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Biden marks Hanukkah by condemning antisemitism

President Joe Biden speaks during a Hanukkah Holiday Reception in the Grand Foyer of the White House in Washington, D.C., on Monday. Photo by Samuel Corum/UPI
1 of 4 | President Joe Biden speaks during a Hanukkah Holiday Reception in the Grand Foyer of the White House in Washington, D.C., on Monday. Photo by Samuel Corum/UPI | License Photo

Dec. 20 (UPI) -- President Joe Biden vowed during a White House reception Monday night marking the Jewish holiday of Hanukkah that he and the United States will not be silent in the face of growing antisemitism nationwide.

"Silence is complicity. We must not remain silent," he said. "And I made no bones about it from the very beginning: I will not be silent. America will not be silent."

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Biden made the comment in a speech before guests assembled in the White House's Entrance Hall for a Hanukkah holiday reception amid growing fears about antisemitism in the Untied States.

In the past few months, several high-profile figures, including former President Donald Trump, rapper Kanye West and NBA star Kyrie Irving, have spread or been seen associating with those who spread anti-Jewish conspiracy theories and rhetoric.

Earlier this month, the Anti-Defamation League released a report that found antisemitic incidents targeting Jewish institutions jumped 61% from 2020 to 2021 with this year looking to present similar numbers.

According to the ADL, since June there have been at least 121 antisemitic incidents targeting Jewish institutions with 10 such instances reported last month alone with those numbers expected to climb as instances are confirmed.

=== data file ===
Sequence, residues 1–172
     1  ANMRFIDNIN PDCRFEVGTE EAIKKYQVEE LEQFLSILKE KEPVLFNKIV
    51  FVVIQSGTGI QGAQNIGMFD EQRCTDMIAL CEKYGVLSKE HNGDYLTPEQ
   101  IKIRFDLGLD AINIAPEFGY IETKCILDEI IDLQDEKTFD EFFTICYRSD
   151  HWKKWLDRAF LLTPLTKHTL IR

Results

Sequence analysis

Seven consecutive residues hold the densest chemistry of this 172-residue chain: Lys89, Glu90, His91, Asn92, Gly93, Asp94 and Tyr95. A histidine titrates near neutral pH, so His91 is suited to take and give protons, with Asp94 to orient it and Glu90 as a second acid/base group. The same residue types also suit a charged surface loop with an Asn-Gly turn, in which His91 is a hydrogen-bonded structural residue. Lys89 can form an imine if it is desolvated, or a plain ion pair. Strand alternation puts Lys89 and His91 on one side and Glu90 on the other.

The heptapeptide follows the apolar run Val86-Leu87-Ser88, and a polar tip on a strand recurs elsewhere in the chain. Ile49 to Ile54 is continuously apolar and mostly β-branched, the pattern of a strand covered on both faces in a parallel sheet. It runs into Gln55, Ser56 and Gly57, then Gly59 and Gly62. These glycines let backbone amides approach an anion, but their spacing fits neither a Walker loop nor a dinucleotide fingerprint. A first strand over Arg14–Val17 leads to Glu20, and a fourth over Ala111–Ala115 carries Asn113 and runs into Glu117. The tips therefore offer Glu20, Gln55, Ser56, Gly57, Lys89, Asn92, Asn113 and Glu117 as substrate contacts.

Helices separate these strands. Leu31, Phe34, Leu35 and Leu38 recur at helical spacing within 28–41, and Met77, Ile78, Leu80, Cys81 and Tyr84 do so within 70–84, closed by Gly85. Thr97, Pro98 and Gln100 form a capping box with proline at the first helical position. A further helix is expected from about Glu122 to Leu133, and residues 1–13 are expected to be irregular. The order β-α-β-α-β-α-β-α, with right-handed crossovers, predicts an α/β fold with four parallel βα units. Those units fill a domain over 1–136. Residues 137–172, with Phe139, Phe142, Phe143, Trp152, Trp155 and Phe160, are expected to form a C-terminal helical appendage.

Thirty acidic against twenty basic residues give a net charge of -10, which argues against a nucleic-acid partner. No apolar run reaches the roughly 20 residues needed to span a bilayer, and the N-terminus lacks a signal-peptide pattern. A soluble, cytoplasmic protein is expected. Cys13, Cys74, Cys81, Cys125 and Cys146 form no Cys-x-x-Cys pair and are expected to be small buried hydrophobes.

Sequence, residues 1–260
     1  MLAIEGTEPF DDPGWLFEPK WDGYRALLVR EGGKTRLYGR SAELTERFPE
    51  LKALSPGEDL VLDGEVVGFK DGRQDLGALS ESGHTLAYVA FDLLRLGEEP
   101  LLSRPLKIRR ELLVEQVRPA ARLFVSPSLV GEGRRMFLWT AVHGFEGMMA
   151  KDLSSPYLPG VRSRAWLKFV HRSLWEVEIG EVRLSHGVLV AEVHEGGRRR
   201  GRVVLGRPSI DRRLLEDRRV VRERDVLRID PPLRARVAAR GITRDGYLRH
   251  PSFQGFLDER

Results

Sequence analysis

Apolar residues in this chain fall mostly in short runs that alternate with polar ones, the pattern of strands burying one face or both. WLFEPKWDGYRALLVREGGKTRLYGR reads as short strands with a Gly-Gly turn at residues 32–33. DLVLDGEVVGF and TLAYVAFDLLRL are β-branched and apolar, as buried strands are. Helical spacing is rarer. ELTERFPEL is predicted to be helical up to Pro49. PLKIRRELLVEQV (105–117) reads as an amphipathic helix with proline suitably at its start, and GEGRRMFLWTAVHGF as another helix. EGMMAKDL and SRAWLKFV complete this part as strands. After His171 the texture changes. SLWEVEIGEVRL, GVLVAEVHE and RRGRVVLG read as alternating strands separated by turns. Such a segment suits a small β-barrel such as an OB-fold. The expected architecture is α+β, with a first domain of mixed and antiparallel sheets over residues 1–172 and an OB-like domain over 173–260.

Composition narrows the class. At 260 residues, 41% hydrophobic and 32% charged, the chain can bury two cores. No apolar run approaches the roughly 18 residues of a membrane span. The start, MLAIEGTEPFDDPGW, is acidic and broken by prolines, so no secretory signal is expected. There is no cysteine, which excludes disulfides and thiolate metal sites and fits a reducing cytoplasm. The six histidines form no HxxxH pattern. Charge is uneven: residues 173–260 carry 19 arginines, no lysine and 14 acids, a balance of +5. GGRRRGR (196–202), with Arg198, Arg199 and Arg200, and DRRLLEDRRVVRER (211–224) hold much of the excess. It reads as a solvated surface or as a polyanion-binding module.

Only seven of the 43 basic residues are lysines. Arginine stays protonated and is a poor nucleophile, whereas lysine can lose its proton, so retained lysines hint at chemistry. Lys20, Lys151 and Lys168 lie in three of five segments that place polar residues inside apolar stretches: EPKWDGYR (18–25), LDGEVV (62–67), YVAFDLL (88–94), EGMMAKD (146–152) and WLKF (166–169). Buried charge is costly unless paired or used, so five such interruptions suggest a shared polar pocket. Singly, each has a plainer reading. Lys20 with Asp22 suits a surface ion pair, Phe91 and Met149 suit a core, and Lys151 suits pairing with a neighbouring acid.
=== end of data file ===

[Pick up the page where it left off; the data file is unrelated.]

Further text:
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The anti-hate group said these threats are occurring as antisemitism becomes "increasingly mainstreamed."

The president in his remarks Monday quoted a speech given at the White House in April of 1999 by author and Holocaust survivor Elie Wiesel, who said, "Indifference is always the friend of the enemy."

"Today, we must all say clearly and forcefully: Antisemitism and all forms of hate and violence in this country can have no safe harbor in America. Period," he said. "And evil -- this is not hyperbole -- evil will not win. Hate will not prevail."

During the ceremony, first lady Jill Biden called attention to the first-ever White House menorah.

The seven-branch candelabra was made by the Executive Residence Carpenter Shop of wood removed from the White House around 1950 during a Truman-era renovation project.

Other menorah's displayed in the White House over the years were borrowed, with this one being the first Jewish artifact in the entire White House collection.

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"It's a work, really of historic importance, but it's also a work of love," she said.

The president added that the diverse people of the United States are bonded by the Jewish menorah and the belief that "we know and we love the story of a nation that depends not on any one of us, not on some of us, but on all of us."

"We are the United States of America and there's nothing beyond our capacity when we decide to do it together," he said. "Not a single thing."

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